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REPOSSESSIONS Q&A

Debt collection might vary based on the company that’s collecting a debt.

What Is Repossession?

Repossession — the seizure of property that usually occurs as a result of nonpayment of a debt — can happen quickly and without warning. Although some lenders may technically be able to repossess collateral immediately after a missed payment, most repossessions take place on accounts that are 10 days or more past due.

 

Any item used to secure a loan or a line of credit can be subject to repossession if the debt goes into default. This can include your home (which means foreclosure), your car or any other item that you purchased with credit, such as furniture, electronics, appliances, boats and motorcycles.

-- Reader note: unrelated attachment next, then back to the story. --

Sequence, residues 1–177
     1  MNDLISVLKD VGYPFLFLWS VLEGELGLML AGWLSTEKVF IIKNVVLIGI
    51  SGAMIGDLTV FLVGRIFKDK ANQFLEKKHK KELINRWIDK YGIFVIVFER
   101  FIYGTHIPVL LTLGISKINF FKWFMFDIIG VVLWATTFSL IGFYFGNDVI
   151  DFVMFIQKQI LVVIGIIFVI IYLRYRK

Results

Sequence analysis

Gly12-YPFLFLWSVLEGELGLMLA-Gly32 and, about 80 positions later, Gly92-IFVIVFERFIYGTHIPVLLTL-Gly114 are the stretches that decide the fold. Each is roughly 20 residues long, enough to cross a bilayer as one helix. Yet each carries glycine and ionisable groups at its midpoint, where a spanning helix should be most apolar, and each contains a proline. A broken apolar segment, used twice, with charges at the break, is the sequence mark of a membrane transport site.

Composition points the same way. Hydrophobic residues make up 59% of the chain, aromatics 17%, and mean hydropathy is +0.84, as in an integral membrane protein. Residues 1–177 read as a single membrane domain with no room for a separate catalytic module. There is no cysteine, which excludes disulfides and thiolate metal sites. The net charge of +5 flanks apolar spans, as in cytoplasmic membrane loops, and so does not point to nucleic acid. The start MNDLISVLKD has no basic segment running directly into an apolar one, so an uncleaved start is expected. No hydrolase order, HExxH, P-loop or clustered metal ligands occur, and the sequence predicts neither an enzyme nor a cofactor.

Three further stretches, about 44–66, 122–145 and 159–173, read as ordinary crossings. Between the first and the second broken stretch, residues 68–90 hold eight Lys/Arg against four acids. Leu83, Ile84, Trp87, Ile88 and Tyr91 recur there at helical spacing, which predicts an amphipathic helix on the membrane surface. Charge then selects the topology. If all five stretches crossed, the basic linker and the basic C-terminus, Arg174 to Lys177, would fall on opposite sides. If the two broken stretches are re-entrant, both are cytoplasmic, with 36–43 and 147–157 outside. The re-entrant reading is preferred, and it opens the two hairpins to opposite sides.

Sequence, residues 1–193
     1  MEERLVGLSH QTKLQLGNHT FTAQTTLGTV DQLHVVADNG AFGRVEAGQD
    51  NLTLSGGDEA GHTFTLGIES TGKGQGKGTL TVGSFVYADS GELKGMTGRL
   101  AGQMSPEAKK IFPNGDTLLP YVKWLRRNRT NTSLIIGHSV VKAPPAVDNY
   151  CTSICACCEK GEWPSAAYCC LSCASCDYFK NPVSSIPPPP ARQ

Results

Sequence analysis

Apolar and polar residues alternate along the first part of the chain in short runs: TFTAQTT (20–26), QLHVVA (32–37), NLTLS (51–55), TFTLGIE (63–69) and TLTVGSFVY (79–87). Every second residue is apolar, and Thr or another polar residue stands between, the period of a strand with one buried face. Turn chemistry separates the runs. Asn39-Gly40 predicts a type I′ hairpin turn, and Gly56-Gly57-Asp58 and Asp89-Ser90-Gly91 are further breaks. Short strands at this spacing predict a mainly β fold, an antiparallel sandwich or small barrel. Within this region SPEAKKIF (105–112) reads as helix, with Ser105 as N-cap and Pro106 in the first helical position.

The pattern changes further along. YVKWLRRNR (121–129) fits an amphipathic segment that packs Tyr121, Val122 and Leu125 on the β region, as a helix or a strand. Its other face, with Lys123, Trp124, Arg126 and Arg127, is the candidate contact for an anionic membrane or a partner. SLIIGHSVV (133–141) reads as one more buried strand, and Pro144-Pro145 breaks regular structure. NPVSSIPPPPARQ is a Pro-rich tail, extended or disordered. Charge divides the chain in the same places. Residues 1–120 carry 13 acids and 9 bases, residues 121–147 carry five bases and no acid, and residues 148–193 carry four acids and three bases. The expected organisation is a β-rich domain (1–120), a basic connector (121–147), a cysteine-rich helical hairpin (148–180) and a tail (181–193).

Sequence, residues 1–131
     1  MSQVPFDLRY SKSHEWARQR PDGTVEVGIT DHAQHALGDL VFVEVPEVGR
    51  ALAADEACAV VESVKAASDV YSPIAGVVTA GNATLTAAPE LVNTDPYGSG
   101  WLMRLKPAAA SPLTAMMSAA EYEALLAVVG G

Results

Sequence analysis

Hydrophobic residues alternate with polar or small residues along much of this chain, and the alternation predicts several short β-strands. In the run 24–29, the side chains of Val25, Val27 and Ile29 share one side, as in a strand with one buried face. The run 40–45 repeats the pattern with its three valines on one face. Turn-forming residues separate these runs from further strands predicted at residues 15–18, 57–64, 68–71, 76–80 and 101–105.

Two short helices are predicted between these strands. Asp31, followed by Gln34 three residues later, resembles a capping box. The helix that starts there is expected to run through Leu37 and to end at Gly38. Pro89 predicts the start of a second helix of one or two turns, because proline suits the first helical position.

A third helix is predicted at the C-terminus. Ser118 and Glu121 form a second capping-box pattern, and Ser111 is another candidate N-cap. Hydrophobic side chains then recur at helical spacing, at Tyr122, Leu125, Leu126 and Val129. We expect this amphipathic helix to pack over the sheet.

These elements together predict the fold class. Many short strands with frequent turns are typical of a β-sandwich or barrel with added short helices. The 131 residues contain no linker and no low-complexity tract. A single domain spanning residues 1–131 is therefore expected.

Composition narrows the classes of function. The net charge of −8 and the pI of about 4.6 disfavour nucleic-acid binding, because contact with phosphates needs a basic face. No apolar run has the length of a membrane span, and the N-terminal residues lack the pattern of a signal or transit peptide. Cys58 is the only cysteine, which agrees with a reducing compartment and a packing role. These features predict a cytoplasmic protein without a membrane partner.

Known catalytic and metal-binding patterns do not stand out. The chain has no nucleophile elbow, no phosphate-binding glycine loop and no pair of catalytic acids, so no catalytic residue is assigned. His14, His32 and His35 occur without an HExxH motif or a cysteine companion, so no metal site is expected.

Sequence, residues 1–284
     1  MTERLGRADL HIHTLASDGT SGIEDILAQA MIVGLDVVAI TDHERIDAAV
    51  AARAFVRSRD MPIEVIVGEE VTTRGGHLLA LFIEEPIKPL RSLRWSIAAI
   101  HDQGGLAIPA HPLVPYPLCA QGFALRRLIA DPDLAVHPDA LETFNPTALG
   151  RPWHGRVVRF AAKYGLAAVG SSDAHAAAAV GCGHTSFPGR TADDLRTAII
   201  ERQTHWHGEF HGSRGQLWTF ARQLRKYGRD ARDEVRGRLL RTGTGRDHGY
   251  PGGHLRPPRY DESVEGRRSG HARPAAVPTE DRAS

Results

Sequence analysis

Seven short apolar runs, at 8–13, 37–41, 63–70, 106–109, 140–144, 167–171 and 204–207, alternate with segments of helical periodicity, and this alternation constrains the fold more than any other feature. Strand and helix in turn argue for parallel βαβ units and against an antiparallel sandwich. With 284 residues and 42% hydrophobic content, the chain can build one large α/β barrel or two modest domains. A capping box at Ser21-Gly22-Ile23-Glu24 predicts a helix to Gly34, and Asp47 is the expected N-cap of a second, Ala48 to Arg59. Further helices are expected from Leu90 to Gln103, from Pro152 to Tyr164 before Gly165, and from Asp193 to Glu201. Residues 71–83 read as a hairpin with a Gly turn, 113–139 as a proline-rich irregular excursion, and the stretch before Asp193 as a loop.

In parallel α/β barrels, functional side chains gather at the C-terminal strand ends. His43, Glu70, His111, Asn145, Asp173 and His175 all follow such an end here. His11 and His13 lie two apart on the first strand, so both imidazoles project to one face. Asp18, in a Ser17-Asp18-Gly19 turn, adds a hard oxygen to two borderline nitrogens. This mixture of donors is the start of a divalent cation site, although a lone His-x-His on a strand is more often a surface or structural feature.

How repossession works.

There are two types of repossession: involuntary and voluntary. Involuntary repossession occurs when the lender sends a debt collector to seize the defaulted property in order to secure the loan. Voluntary repossession, on the other hand, occurs when the borrower decides to surrender the collateral to avoid the additional costs incurred when there’s an involuntary repossession.

In both cases, the lender will sell the surrendered property to recover as much of the outstanding balance as possible. You will then owe any remaining balance not satisfied by the sale. You will be notified about the sale and can even participate in the bidding. However, keep in mind that only cash is accepted at auctions. If you had the money, you would likely have made the payments in the first place.

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